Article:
Back in England, the launch of a campaign to raise money for children in countries that barely six months earlier had been at war with Britain, especially when there was obvious need at home, was courageous. Some of the first to lend their support were returning English servicemen, who had seen the desperate need in Germany. Yet a few well-connected ladies from Save the Children’s first committee resigned at the news that funds were being spent in Germany. “I do not desire their recovery,” Lady Norah Bentinck wrote. “Only half-hearted patriots would wish to relieve enemies… or wish to see Germany and her allies strong enough once more to attempt renewing their atrocities.”
“There are those who do not believe the children are worth saving, and those who do not believe they can be saved,” Eglantyne wrote. The way she saw it, all children had a right to a dignified life and future, irrespective of who their parents had been or whether they had won or lost the war. “The problem is not money, but attitude of mind,” she decided. “We have to devise a means of making known the facts in such a way as to touch the imagination of the world.”
She had soon signed up support from well-known figures such as Thomas Hardy, AA Milne, and the playwright George Bernard Shaw who claimed that, like the Jebb sisters, he “had no enemies under the age of seven.” Eventually Eglantyne won the support of aristocrats and factory girls, the Pope and the Welsh mining unions, and even the wife of the British Prime Minister who had organised the wartime economic blockade.
Eglantyne died ten years later, aged just 52, having established the international Save the Children federation, and drafted the pioneering statement of children’s human rights that has since evolved into the UN Convention on the Rights of the Child, now the most universally accepted human rights instrument in history.
Lady Norah had no doubt been thinking of her own newborn son when she had expressed her concerns so vividly. Henry Bentinck would indeed be wounded, although not killed, during active service in the Second World War. Erich Karl served on the other side of the conflict, having been drafted at 26 in the summer of 1939.
Posted to the intelligence service in Eastern Prussia, he was saved from the horror of Stalingrad because his education had enabled him to become a precision engineer, and in 1943 his skills were required in Berlin. “I was lucky,” he says today. “The English bombed of course, with all the trimmings. But that was only half the truth… the Germans had started it, the Germans invaded.”
Has the world learned from the work of humanitarians like Eglantyne Jebb, I asked Erich as the light started fading in his front room. “To a certain extent,” he says, “let’s put it that way.” In 2014 a container village for refugees from Syria and Afghanistan was set up in the woods beyond Erich’s senior citizens residence, where he still walks with his zimmer frame most days.
There were some demonstrations, and certain local people “were forever ranting about how this city was going to change,” he admits. But Erich understood that the incomers had fled from danger, scarcity and chaos, the sort of misery he remembers from personal experience. ‘Let them come first, let us wait and see how it goes’, he told his neighbours. “After all, they’re people in need.”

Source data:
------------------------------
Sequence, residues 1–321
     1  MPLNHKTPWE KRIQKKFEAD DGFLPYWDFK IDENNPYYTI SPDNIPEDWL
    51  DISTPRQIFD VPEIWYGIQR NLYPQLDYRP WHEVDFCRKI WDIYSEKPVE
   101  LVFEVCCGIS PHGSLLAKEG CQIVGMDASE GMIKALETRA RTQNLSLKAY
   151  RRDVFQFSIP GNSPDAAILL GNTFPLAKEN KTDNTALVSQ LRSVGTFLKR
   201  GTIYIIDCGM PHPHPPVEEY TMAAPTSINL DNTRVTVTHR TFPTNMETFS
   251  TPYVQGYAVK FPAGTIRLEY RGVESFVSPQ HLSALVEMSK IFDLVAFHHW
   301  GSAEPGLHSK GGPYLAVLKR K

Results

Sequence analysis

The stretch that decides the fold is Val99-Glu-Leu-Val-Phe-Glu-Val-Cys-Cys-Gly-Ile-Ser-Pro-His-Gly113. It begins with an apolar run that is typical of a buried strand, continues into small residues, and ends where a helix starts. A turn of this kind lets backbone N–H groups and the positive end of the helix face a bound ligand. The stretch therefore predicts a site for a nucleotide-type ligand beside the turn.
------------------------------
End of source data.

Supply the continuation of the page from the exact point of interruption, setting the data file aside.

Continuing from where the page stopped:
As a living witness to both the worst and the best of humanity, Erich has mixed feelings about the future. “Nothing can shake me,” he has said in the past, but he believes that the world would be a better place if people thought less about politics, and focused more on simply helping those in need. If more people had shared Eglantyne’s principles and priorities, perhaps history might have been written differently.
“People should support each other,” Erich says; read books, study hard, learn languages, and remember that “what you have in your head, nobody can take away”. Then he smiles broadly, waves goodbye through the ether, and gets ready for a hot chocolate before he turns in for the night. “I’m not too keen on it,” he confesses, but he still drinks some every day.
*Erich Karl died in June 2021, just a couple of weeks after this interview. His story is also told in Save the Children Germany’s book, I Am Alive, featuring one person whose life was saved by the charity in every one of the last ten decades.
Clare Mulley is chair of judges for the HWA Non-Fiction Crown 2021.
Historia spoke to Clare when her book was republished; you’ll find much more about Eglantyne and the history of Save the Children in her interview.
Clare’s book The Spy Who Loved was one of the sources that inspired Carolyn Kirby when researching her novel When We Fall. The two writers spoke about Krystyna Skarbek, the subject of Clare’s biography, and women spies during the Second World War in another Historia interview.
Clare Mulley with copies of The Woman Who Saved the Children; Erich Karl; leaflet showing a starving baby; Eglantyne Jebb: all supplied by the author